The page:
Wednesday, July 11, 2012

Vacuum Sealing Corn on the Cob with Husks On

Do you support your local Farmer's Market? We do! Even though we raise a garden every year, we still make numerous visits to our town square to buy veggies that we didn't raise or didn't do well. This year the corn and beets were no shows so off to the square we went early one Saturday morning. The early bird gets the worm...or in this case...the corn! We are so fortunate to have as many vendors as we do with the crowds coming out like they do. Buying locally raised corn at this point is pretty much over. The weather didn't help anyone's growing season this year.

Normally, we blanch, cool, vacuum seal and freeze our corn. It's a pretty time consuming task. Last year my brother was telling us about how he was freezing his with the husk on. We tried it, we liked it and it's a whole lot easier! If you don't have a vacuum sealer, you just don't know what you are missing! There is no freezer bag out there that can even remotely compete with vacuum sealing. Everything we've ever frozen in this manner tastes as good as fresh even two years later.


Part of the 8 dozens of Peaches and Cream we froze to enjoy all through 2012-2013.

Chop both ends of the corn off. We place 6 normal sized ears in a 1 gallon vacuum seal freezer bag.

Evenly distribute corn in the bag. The more uniform it is, the better it will seal. Carefully center bag opening over the gasket.

Close door, lock unit and seal! We froze 16 packs of corn which will barely get us until Memorial Day next year. We are some grilled corn eating folks!

HINT: Be sure to thaw your packs completely before you shuck it. It makes silk and husk removal a lot easier.




21 comments:

  1. ok did this, checked freezer 4 days later and all the bags had expanded, puffed up and freezer top was popped open, baskets jostled around! what happened?!

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  2. OMG! I have never heard of such a thing! We have been vacuum sealing corn this way for two summers now and have never run into this problem and we put up a lot of corn this way. I'm away from home right now or I'd email you a picture of our freezer to prove it. The only two explanations I can come up woth for something this drastic is 1: your freezer was off for several days or 2: you are pulling my leg. Vacuum sealing when done properly removes all air. I personally have never seen vacuum sealed bags expand. Especially to the point that it raises the top of a freezer. I'm so sorry this has happened to you. I do not post anything unless we are successful with it. Please email me a picture and I'll ask around.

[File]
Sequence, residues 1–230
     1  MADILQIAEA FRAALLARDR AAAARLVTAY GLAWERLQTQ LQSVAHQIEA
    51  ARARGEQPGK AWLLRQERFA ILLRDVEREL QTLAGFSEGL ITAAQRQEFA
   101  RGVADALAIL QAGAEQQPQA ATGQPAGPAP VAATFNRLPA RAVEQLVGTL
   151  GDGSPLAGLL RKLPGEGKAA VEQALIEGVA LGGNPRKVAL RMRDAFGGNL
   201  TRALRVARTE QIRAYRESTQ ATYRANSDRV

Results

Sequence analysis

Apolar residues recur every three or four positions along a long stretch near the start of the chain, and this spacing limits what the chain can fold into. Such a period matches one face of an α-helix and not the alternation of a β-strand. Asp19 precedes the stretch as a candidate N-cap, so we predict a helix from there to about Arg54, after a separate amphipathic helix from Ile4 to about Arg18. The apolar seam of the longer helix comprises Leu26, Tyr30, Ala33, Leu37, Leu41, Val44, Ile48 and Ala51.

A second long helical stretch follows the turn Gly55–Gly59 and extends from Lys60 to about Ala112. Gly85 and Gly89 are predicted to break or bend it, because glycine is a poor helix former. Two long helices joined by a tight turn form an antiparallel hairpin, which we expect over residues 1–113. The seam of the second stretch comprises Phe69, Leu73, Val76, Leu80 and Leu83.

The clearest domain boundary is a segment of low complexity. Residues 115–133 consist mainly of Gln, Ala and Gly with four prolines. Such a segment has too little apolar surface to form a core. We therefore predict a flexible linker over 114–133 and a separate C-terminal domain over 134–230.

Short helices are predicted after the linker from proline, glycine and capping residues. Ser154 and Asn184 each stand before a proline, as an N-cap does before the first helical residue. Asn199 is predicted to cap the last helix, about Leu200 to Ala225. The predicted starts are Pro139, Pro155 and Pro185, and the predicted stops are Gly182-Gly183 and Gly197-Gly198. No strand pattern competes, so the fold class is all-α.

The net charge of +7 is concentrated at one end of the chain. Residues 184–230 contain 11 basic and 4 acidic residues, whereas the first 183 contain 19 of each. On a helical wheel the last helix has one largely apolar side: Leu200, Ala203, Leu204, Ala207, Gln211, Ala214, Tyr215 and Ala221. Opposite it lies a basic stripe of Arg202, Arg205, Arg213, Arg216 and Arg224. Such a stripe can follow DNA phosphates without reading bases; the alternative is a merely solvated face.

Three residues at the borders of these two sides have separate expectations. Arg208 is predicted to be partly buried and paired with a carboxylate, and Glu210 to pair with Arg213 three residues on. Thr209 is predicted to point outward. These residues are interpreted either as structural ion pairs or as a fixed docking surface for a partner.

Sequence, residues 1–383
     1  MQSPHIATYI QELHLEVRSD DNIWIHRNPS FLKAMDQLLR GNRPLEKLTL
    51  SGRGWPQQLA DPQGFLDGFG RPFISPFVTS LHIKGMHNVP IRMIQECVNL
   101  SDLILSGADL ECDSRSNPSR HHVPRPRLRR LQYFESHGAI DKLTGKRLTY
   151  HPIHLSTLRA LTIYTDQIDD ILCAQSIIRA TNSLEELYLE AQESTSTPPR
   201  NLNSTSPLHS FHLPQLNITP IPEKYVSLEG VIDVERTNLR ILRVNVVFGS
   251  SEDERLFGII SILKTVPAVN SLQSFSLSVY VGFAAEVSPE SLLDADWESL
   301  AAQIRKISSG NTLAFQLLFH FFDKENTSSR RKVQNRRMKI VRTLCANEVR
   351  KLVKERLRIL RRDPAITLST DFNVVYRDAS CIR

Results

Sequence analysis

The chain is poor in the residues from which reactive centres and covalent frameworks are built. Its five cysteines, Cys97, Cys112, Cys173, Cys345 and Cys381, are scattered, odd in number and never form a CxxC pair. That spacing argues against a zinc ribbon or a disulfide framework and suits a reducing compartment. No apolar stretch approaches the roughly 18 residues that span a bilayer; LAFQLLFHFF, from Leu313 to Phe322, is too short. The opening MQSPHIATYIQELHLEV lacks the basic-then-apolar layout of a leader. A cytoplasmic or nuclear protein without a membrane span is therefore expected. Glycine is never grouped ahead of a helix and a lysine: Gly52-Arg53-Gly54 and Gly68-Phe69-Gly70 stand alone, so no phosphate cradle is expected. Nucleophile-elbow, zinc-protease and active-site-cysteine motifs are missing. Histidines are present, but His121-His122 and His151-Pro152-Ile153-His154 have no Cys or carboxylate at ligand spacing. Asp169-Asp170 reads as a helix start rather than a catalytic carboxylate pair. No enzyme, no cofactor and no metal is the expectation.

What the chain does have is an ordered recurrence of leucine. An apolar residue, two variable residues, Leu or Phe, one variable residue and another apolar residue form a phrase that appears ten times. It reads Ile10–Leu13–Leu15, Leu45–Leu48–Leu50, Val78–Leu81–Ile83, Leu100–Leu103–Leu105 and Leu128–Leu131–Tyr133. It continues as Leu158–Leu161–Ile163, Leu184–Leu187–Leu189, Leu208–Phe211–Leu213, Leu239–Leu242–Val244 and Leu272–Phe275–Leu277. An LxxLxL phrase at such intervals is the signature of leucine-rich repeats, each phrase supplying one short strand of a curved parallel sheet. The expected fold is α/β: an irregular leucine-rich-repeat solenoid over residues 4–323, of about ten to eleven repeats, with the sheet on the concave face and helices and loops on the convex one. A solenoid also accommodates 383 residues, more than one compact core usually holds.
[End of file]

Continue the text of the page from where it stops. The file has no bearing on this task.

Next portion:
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    1. I looked on the food saver site and it says brocolli, cabbage, cauliflower and brussell sprouts give off a gas and are not recommended to vacuum seal. Corn is not listed in that category. If you find a bag of frozen veggies that are loose, then it's not a bad seal, but a food that gives off gas and expanded is what the site says. We put up Peaches and Cream corn the two years before and Delectable this year (looks just like P&C) and this has never happened. It always tastes as fresh as if just picked. What type of corn did you put up? how long after you picked the corn did you put it up? I have very limited access to the internet right now, but I would like to know more details. Again, I only post what is successful for us.

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  3. thx for your comments...I agree it was the wierdest thing! I came around the corner to the freezer and saw it popped open and all the baskets jostled around...first thought someone had gotten in it but then saw all the pkgs! Picked it early 6am monday morning,it was cool out and some of the ears just dripped with water when I cut off the ends...think it is also peaches and cream variety. It was all cut up and ready to bag in a couple of hours, I brought it into A/C house and worked on bagging it off and on the rest of the morning, vacuum sealing most and zip locking rest.Then straight into freezer.... found the freezer Fri evening so don't know how long it had been open. My plan now is to poke hole in bag and try to reseal not vac seal since the zip loc bags aren't entirely airtight. With the husks still on am guessing corn is protected? Please don't worry about your advice, I did this before finding your blog on suggestion of a friend and was exasperatedly looking for advice!!! It must be the gas thing. thx so much for responding, still havent been able to find anything on net about this....so kooky! lol... will try to send pic, but it looks like those little air pillows you get in shipping pkgs... with corn inside! lol

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  4. For years Andy used to bag his whole, unshucked in trash bags and freeze the ears of corn. Then we went to shucking, blanching and vacuum sealing. Then someone told us they cut both ends off, left the husks on and ziplocked them. We thought we would try that but vacuum seal them. I promise you, we put up so many packs this way and have never had this problem. We have been racking our brains all day trying to figure out how so much of it would react that way. OMG! I feel so bad for you. We put up to SAVE MONEY and eat as fresh as possible all year long. We have had nothing but success with this and we do it exactly like you said you do it. Your results were so extreme, I really thought one of our friends were pulling our leg...they've been known to do that! Is the corn frozen? I hope you are able to salvage it. Let me know how it goes. my personal email is lifeisgood@energize.net.